This Lent I’ve chosen to focus on the elimination of clutter in my life. In both the mental/emotional and physical sense, but mostly in the physical sense. This announcement was greeted with a huge grin from my wife and a hearty “Hallelujah!” Nonplussed, I spent a weekend cleaning out our 4-drawer file cabinet and shredding seven full trash bags of paper. It was our first purchase when we were married almost nineteen years ago and it appears that we simply threw everything in there.
(I did find a stack of football/baseball cards and the top one was a John Elway rookie card. A quick search online and it appears this thing is worth anywhere from $30-$129. Hmmmm…what else needs cleaning?)
I think what’s really hit me this Lent is developing a sense of detachment from the things of this world. To simply let go and not hold so tight to my possessions. After all, it is all fleeting and things fade away. And I won’t be taking it with me once I’m gone, so before I burden my wife/kids/family with the task of sorting through all the schtuff I’ve begun a preemptive strike. It actually feels pretty good once you begin and I’ve been surprised by the nagging feeling I get now as I see another pile of books, or papers, or videos, or compact discs, etc. It’s actually very liberating once you start.
So that’s the physical end of things. But what about the mental…or the emotional? Isn’t there a lot of baggage and clutter there, too? In both my heart and my mind I know for a fact I’m either dragging it around or building little piles in the corners and shelves of my inner self. Just as I don’t want my family to have to sort through a lot of things, I don’t want to have to begin eternity by doing the same thing. I am dealing with them now, and “straightening up my room” so to speak. This has involved prayer and the sacraments, in particular the Sacrament of Confession. It occured to me that by going to confession I’m participating in an activity similar to what I used to go through when I was preparing to leave a house or apartment I was renting. I would have to go through each room, cleaning walls and carpets and tubs and sinks. Or repairing the nail holes and blemishes on the walls and/or removing stains from the carpet. The landlord usually provided a checklist and this served as a guide to ensure nothing was missed in order to get my full deposit back upon leaving.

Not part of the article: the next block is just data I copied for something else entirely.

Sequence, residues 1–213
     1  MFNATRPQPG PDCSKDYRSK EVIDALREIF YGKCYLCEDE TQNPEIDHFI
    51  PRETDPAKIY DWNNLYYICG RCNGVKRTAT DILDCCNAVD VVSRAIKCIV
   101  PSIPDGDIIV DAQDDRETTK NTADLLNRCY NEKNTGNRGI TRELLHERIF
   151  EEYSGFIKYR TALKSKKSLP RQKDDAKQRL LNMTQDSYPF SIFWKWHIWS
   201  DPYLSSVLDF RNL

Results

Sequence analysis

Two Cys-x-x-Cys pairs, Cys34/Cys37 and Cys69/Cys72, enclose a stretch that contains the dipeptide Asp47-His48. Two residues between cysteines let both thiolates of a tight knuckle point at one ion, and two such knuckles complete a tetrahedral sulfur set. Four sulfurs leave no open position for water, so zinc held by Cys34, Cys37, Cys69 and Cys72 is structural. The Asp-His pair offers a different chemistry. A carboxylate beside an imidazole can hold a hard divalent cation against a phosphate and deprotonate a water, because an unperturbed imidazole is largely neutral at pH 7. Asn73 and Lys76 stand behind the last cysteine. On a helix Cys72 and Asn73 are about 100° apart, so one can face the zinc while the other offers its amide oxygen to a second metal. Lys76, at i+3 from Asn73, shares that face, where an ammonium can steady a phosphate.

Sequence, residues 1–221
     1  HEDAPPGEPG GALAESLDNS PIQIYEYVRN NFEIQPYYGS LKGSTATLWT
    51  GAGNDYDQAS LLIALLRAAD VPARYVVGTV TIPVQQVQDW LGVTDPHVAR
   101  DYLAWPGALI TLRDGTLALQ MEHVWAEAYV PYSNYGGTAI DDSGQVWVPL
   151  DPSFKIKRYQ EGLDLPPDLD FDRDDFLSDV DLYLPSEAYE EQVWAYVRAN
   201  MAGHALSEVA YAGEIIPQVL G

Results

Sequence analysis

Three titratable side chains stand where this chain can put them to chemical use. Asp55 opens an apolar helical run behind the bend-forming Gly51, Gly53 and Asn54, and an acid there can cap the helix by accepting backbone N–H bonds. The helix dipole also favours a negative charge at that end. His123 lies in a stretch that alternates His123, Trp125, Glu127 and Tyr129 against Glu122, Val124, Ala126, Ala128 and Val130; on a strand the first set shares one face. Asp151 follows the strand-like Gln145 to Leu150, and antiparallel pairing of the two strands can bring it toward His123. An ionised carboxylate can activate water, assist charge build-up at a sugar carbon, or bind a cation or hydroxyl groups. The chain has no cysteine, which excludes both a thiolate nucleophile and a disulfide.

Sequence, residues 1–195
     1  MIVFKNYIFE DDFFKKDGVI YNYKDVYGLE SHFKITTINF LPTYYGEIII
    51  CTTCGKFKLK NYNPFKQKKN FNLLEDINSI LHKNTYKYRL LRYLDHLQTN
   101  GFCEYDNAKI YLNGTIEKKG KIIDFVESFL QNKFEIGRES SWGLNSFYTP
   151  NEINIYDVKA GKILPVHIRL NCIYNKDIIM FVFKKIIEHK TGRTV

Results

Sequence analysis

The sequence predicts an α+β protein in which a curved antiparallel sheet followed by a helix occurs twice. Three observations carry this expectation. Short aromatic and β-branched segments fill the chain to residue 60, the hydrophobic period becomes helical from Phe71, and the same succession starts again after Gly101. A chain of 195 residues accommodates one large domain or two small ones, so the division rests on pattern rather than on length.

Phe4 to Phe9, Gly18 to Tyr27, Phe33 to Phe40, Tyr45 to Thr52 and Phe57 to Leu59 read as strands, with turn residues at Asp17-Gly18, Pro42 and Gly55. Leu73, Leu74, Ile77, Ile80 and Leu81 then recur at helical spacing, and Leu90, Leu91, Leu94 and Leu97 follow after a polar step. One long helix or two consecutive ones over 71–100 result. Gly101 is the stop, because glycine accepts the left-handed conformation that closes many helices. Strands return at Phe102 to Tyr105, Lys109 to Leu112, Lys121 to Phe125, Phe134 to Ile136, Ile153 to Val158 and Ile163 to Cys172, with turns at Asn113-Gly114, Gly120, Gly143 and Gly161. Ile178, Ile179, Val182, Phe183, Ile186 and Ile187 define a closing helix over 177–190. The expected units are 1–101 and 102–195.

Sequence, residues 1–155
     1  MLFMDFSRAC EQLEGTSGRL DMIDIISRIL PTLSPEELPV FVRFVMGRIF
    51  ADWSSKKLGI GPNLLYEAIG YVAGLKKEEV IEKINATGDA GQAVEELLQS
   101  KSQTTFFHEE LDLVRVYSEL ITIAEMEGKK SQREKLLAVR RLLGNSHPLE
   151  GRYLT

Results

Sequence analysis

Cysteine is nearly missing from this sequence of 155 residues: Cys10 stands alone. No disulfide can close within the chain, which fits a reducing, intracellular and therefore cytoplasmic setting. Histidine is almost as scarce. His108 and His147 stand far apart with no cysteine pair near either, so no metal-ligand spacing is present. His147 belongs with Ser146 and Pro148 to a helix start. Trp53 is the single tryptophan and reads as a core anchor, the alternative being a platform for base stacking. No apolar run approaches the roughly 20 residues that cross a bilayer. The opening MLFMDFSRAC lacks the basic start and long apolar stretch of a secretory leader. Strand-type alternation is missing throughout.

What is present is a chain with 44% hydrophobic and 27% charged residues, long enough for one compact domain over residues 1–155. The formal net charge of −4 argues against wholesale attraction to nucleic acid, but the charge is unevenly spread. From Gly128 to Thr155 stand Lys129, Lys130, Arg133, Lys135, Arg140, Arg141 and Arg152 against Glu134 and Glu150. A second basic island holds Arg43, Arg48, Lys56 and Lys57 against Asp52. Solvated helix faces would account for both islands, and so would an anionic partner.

God has done this too. He is our landlord and he has provided us with a checklist. When’s the last time you went over it with Him?
An examination of conscience based upon the ten commandments is usually a good place to begin. BeginningCatholic.com has an excellent guide here, and I downloaded a copy of this PDF from LifeTeen at my desk to use when I walk to St. Mary’s for confession prior to Mass at noon. Even if you’re not a Catholic nor go to confession it’s not a bad place to start.
Fabreeze or a carpet shampoo will take care of the carpet cleaning in the apartment. God uses His grace to clean the stains from your soul. The deposit you receive back is pretty good I’d say: eternity in Heaven with Him.
As if to drive this concept home, I came across this exceprt from a sermon by Saint Augustine the other day.
Our wish, you see, is to attain an eternal life. We wish to reach the place where nobody dies, but if possible we do not want to get there via death. We would like to be whisked away there while we are still alive and see our bodies changed, while we are alive, into that spiritual form into which they are to be changed when we rise again. Who wouldn’t like that? Isn’t it what everybody wants? But while that is what you want, you are told, Quit. Remember what you have sung in the psalm: “A lodger am I on earth.” If you are a lodger, you are staying in someone else’s house; if you are staying in someone else’s house, you quit when the landlord bids you. And the landlord is bound to tell you to quit sooner or later, and he has not guaranteed you a long stay. After all, he did not sign a contract with you. Seeing that you are lodging with him for nothing, you quit when he tells you to. And this, too, has to be put up with, and for this, too, patience is very necessary. – St. Augustine, Sermon 359A.8.